A variety of Delaware riverfront development stakeholders suspect that developers have sought zoning variances in order to jack up the prices of the land they own, making it more lucrative to sell them undeveloped than to actually develop them. The fact that zoning variances (which allow developers exceptions to the basic zoning code for the area) stay attached to the property itself means that developers can turn huge profits on waterfront land without actually building anything.
In recent years the development of Philadelphia's waterfront has become a huge priority: the city even created the Delaware River Waterfront Corporation to consolidate Delaware waterfront redevelopment resources into one organization. The Central Delaware Advocacy Group was formed in 2006 to promote development along the Delaware. They've had some great successes: ongoing work on the Pier 53 park is one great example of recent waterfront development.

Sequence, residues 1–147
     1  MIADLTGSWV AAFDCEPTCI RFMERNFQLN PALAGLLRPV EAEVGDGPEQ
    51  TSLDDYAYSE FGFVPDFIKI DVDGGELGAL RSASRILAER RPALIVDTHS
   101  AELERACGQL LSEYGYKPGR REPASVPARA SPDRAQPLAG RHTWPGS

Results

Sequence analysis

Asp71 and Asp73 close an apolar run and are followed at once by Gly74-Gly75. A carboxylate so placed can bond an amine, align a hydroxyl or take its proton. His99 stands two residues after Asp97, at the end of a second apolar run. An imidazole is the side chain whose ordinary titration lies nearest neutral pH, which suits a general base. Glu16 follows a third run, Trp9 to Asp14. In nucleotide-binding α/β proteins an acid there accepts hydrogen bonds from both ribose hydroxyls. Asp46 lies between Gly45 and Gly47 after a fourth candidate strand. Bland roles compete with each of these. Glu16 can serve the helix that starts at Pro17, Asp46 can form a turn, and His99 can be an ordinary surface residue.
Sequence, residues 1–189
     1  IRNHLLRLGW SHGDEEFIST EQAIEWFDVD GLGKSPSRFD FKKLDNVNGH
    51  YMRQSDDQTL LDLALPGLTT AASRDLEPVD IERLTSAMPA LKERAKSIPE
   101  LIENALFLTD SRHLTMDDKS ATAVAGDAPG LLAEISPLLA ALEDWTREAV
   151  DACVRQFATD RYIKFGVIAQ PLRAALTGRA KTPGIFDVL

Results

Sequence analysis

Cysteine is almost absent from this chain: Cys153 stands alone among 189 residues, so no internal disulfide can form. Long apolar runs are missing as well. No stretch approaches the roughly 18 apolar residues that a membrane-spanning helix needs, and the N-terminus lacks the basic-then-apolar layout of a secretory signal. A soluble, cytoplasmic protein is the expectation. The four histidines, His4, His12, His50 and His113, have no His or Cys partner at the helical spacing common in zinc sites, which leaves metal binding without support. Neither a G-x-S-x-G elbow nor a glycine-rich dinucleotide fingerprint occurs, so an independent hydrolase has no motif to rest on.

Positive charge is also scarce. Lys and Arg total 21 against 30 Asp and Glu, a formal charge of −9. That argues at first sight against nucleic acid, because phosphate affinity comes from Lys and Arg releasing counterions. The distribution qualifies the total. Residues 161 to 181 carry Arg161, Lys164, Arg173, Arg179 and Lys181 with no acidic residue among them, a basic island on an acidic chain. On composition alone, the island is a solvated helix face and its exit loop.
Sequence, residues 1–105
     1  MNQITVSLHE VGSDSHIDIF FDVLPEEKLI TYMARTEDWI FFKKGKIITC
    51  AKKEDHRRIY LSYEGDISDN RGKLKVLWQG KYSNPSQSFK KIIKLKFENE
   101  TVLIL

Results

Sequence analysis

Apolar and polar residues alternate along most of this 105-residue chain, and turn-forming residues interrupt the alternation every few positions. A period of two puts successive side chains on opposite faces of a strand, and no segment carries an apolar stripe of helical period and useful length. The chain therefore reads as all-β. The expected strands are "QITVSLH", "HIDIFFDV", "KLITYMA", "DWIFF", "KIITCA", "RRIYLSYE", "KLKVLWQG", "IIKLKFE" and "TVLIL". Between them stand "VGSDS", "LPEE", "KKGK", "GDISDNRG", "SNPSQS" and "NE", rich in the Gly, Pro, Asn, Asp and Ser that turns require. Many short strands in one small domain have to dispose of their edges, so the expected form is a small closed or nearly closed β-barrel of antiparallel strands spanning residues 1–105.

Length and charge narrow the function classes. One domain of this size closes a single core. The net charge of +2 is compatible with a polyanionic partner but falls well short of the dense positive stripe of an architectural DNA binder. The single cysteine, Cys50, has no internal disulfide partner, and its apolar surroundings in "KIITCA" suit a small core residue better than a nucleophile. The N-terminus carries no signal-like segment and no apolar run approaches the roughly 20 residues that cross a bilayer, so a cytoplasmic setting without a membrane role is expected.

But even though these groups and other stakeholders are working hard to make the riverfront an attractive locale for development, serious obstacles stand in their way. The highway that separates the rest of the city from the waterfront is certainly one of them. But perhaps property zoning speculation is another, more serious issue.
What's wrong with increased waterfront property values? The land can become so expensive that it doesn't make financial sense to develop it, because the costs are too high. If that happens, the land will stay vacant.
Though most city officials and waterfront development advocates agree that the current variance set-up doesn't serve the goal of promoting development (on the Delaware waterfront or elsewhere), changing the set up may not be feasible. Land use rights are dictated by the state, not the city. A possible solution would be to put time limits on zoning variances (otherwise known as a sunset clause).
· [Plan Philly]